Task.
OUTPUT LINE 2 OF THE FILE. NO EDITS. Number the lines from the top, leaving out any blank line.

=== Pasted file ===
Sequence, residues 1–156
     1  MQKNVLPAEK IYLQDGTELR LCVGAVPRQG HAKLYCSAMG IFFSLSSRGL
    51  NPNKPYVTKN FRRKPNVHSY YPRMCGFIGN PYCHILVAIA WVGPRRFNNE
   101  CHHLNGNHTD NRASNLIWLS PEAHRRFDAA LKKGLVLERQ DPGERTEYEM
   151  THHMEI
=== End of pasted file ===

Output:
     1  MQKNVLPAEK IYLQDGTELR LCVGAVPRQG HAKLYCSAMG IFFSLSSRGL